Emotional triumph: How De La Salle honored late coach with a win

De La Salle rallied to defeat El Cerrito despite the sudden death of defensive line coach Steve Jacoby.

CONCORD — On the most difficult day of the De La Salle football team’s season, a day of tears and mourning the loss of a beloved assistant coach, head coach Justin Alumbaugh kept his pregame speech brief but to the point.

“Do a great man the honor of putting forth a great effort and having fun,” Alumbaugh instructed the players.

The Spartans had a good time on Friday night.

After learning in a morning meeting that defensive line coach Steve Jacoby died unexpectedly on Thursday, De La Salle took the lead just before halftime on a scoop-and-score from one of Jacoby’s players, senior captain Drew Cunningham, and defeated El Cerrito 31-12.

The Spartans were emotional and introspective after the game, remembering a longtime coach who loved being a part of the storied program.

“It was heartbreaking news this morning,” said Cunningham. “It was a very difficult process.” It had been a long day. But our team worked tirelessly throughout the day. We got through it. Everyone expected Coach Jacoby to request that we play this game in his honor. Tonight, we performed for him.”

The way it played out was Jacoby’s style.

De La Salle scored on its first offensive snap, a 60-yard pass from Toa Faavae to a wide-open Johnathan Guerrero, after forcing a three-and-out to begin the night.

As Faavae rolled to his left, looking like he was going to run, he connected with Guerrero for the early lead.

When De La Salle lineman DJ Asiasi forced a fumble late in the half, Cunningham picked up the ball and raced into the end zone, the score was 10-0. The linebacker/edge rusher reflected on the former defensive line coach, who had just turned 61 this week, with each stride.

“That was all him,” Cunningham explained. “God does wonderful things.” I am extremely grateful. That was a play for him.”

Cunningham addressed his teammates during warmups, delivering a firm message that they took to heart right away.

Matthew Johnson and Chris Biller, defensive linemen, took up residence in the backfield, making big play after big play as the Spartans held El Cerrito scoreless until late in the game.

“Coach Jacoby was one of the guys I’ve been with since freshman year,” Johnson, a junior, explained. “He’s one of those guys I grew up with.” Today was a difficult day. Of all the coaches, I’ve spent the most time with him. He was like a brother to us. “I’m proud of my guys for staying together.”

During a morning meeting, Alumbaugh let the players decide whether or not to play Friday night.

The decision was simple.

“We knew immediately that we needed to play,” Johnson said. “That’s exactly what he would have wanted.” He would have loved nothing more than to join us out there. He would have wanted us to play a game like we did today and win.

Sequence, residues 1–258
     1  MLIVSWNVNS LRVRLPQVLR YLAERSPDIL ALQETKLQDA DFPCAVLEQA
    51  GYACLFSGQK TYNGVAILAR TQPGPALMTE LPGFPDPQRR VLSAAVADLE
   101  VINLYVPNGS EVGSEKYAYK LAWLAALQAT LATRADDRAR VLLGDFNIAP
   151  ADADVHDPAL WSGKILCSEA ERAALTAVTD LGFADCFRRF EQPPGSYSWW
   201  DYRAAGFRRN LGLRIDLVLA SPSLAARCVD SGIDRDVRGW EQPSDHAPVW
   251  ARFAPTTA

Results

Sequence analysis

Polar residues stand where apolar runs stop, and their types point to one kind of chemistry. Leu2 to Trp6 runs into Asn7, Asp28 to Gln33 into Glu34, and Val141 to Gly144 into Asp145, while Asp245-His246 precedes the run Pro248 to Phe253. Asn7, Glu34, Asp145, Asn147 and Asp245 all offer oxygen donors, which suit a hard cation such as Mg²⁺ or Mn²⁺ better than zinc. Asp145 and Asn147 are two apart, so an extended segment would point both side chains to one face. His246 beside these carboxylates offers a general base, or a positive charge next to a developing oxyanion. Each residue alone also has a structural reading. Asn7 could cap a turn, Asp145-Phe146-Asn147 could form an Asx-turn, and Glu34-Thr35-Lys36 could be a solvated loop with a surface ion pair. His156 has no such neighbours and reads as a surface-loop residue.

“We saw some guys that he invested a lot of time in and really wanted to see succeed and do big things for us.” It’s too bad he wasn’t there to witness it. I’m grateful those guys came through. He’d have been pleased.”

After the game, Alumbaugh shed a tear as he remembered his friend, a coach who had been with the De La Salle program since 2006. Jacoby leaves behind two daughters.

“I hadn’t walked out onto the field without him since 2005,” said Alumbaugh. “He was present in spirit.” He’s a well-liked man because he’s a wonderful person. It was a difficult night, but I’m glad our guys got to experience some joy. Our children deserved it, as did Steve.

“I know from on high, he got to watch our boys do what he loved watching them do, which is play a game and play together and enjoy themselves.”

De La Salle and El Cerrito didn’t have a game scheduled until Wednesday. Both programs had teams cancel on them earlier in the week, forcing coaches to scramble for a last-minute opponent.

On Friday morning, El Cerrito was informed of Jacoby’s death and immediately sent condolences via group text.

“We’re praying for the Spartan community and his family,” said coach Jacob Rincon following the game.

Before the national anthem, the crowd at De La Salle’s field was told about the countless Spartans Jacoby had influenced.

“You can’t replace Steve Jacoby,” Alumbaugh said when asked about the coach’s significance to the program. “You cannot replace him as a coach or as a friend.” He brought a lot of heart. He genuinely cared about people.

“It was contagious, and caring for one another is something we try to preach at our school.” I will be eternally grateful for the opportunity to call him a friend.”

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